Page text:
Selecting the right stationery is one of the biggest decisions you’ll have to make in preparation for your nuptials. The invitation not only sets the tone for your wedding, but also serves as a lifelong keepsake. Rachel Ivey, vice president of product and creative development at Crane & Co, gives us the inside scoop on choosing an invitation suite that reflects both your style and budget.
What are your thoughts on working with a stationer versus ordering invitations online?
I do not personally purchase invitations online because I’m so particular about the details. I like to have all the options laid out in front of me, so I can see and feel the various paper weights, finishes, and printing styles. Stationery is a form of self-expression, so it seems only natural that the experience of choosing it be personal and tactile. There are also benefits to working with a stationer, who can help guide the design, suggest wording, and find ways to cut costs. That said, you will probably save more money online. The invitations on our website are priced the same as in stores, but there are fewer options for customization, which can add to the bottom-line. I think the question ultimately comes down to: What type of bride are you? If you are lower maintenance and don’t want to make as many decisions, the web is a great place to go. Another nice thing about designing online: You get to see a proof at the end of the process. When you go to a store, it can take anywhere from 24 hours to a week to receive a proof via e-mail—that turnaround time is something we’d like to improve on.
What are the most popular printing techniques?
Sixty percent of our brides go for thermography, a raised print that gives you the look of engraving for about a third of the cost. Engraving is what we’re known for and about 30 percent of brides choose it. Anyone familiar with engraved type can recognize it immediately: The process of creating the raised letters leaves indentations, known as “bruising,” you can feel on the back of the paper. There’s a vibrancy and fineness to engraved print you can’t get with other techniques. About eight percent of brides select letterpress printing, a handcrafted method that involves pressing ink into paper. Letterpress can be up to 20 percent cheaper than engraving and has a less formal feel. The least expensive option is digital printing, also known as offset printing or lithography, and it accounts for about two percent of our sales. The type is smooth to the touch and has a casual effect.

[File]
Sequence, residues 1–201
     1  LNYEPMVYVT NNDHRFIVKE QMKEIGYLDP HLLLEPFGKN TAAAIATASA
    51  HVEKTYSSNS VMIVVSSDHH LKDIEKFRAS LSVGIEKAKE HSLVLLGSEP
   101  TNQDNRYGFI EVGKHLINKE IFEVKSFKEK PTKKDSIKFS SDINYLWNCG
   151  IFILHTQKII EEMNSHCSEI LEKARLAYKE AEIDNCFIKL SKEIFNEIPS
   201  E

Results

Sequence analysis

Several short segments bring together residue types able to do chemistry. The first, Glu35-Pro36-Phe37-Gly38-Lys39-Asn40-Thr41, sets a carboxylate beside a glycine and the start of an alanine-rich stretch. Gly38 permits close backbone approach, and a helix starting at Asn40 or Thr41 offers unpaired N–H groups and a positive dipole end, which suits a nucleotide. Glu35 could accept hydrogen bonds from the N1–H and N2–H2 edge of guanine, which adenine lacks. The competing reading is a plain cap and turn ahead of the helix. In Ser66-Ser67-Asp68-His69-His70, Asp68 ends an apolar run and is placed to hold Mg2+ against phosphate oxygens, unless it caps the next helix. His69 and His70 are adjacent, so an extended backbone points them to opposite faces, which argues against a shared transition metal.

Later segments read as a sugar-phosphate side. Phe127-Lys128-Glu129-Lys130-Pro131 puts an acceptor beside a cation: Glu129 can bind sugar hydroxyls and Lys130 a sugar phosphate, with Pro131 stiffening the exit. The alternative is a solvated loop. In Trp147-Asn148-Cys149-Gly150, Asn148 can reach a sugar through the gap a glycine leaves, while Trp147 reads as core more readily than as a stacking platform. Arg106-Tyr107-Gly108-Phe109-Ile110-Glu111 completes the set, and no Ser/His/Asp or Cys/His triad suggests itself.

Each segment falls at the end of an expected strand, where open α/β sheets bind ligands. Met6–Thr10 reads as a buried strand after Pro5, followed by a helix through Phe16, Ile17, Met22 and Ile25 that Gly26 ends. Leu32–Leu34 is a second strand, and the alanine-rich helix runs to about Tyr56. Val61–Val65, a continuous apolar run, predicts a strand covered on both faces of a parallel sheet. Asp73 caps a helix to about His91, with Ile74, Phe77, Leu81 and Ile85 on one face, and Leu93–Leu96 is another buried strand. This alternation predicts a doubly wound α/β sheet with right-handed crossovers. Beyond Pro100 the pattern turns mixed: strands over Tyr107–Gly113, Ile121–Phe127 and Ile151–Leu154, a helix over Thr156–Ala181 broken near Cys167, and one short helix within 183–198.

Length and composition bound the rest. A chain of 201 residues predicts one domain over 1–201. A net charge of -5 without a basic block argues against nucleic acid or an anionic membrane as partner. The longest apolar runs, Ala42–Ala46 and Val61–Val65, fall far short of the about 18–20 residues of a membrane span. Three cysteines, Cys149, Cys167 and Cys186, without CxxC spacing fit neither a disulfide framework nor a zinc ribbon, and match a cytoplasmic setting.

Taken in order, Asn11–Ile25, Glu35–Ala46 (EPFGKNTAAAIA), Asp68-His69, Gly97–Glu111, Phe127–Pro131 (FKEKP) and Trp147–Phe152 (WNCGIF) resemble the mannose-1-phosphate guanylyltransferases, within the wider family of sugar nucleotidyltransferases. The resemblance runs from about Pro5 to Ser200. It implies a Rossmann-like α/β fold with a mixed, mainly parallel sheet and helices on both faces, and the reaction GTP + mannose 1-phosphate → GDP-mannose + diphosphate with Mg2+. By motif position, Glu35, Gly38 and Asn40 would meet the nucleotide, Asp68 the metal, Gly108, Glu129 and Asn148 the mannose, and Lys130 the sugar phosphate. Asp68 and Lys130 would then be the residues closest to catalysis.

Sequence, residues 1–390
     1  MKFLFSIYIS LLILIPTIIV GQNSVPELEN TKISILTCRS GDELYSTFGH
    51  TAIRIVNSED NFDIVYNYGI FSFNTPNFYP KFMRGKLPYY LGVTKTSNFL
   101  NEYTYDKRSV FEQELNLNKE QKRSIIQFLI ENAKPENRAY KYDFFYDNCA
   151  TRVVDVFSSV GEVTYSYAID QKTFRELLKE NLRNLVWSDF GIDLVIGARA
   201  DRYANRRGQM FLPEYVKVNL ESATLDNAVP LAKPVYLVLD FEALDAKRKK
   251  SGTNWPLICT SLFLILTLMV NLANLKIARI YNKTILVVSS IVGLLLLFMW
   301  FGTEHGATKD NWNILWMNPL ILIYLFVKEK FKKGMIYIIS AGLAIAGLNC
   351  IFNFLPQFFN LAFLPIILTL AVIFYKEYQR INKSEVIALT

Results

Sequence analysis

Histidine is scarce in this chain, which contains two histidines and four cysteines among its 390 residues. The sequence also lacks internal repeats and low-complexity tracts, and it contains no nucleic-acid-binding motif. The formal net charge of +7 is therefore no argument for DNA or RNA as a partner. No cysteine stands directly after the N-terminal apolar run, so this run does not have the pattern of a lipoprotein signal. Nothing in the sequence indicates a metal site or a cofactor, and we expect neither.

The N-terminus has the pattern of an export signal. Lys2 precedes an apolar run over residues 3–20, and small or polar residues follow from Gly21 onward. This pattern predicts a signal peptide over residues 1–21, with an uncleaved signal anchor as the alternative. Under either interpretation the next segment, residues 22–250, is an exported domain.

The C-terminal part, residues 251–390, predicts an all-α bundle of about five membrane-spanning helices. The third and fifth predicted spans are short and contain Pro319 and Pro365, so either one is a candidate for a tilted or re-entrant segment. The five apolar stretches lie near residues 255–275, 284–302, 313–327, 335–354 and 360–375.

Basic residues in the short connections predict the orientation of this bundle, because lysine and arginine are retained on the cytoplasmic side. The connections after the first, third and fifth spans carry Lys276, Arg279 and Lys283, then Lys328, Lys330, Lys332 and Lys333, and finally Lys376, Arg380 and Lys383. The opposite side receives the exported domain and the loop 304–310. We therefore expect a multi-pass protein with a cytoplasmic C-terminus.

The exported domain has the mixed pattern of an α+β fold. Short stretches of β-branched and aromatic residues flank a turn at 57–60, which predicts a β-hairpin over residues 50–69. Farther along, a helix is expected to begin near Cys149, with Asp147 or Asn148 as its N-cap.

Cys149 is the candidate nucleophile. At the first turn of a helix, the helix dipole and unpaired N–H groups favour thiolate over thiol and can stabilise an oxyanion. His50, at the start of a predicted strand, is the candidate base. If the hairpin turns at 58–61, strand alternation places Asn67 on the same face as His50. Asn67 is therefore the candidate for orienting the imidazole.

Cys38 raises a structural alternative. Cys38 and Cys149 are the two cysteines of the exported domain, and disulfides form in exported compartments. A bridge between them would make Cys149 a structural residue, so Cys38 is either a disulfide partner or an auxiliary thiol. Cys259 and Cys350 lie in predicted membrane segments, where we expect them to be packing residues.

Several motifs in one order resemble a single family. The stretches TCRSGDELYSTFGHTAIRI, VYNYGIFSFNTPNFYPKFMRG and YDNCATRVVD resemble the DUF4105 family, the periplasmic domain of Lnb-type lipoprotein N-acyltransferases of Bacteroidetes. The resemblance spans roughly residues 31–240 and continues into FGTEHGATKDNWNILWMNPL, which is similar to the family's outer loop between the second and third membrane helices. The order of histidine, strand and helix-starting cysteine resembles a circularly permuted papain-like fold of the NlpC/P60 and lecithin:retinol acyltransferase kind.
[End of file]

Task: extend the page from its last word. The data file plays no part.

If cost is a concern, where should couples focus their budgets?
Concentrate on the invitation. You don’t need double envelopes, which are very traditional and not done so much anymore, or envelope liners—these are a beautiful touch, but we’re talking about something people open and throw away. Some couples put their wedding websites on their invitations and have guests go online to RSVP, choose meals and get all the wedding details, eliminating the need for a response card, and separate reception card (used when the party is in a different spot than the ceremony), altogether. People sometimes think they have to spring for super-thick paper, but thinner cardstocks can be really elegant. We have beautiful wedding announcements from the 1930s and 40s in our archives that are printed on paper that almost looks like onionskin. I think 96 pounds is a good baseline weight for invitations—any thinner, and the paper starts to look like something you picked up at Kinko’s.
Where do you recommend splurging?
I know I just said you don’t need to spend extra for thick paper, but if you can afford something in the 192 to 220-pound range, and you combine that with engraving or letterpress printing, you truly have a work of art. If I could only splurge on one piece, I would choose the finest paper and printing technique for the invitation and select a cheaper paper, and digital or thermographed printing, for the response cards and envelopes. Your guests are going to hold onto the invite for a while, and you’ll probably keep it forever, so it should be fabulous.
Is it possible to have an invitation that feels modern and fun, yet formal?
Definitely. I love the idea of doing engraving or thermography, which look really traditional, in an unexpected color palette. You could do bright coral type against a yellow or smoky gray paper for a cool, Tory Burch look. Or think about how Vera Wang has been putting black, chocolate-brown, and nude wedding gowns on the runway. A card in one of those shades, juxtaposed with white engraving and some hints of gold, would look sophisticated and right on trend. Letterpress and digital printing tend to have a more relaxed feel. To dress them up, you could mix calligraphy with a modern, graphic font or incorporate a vintage-inspired botanical print.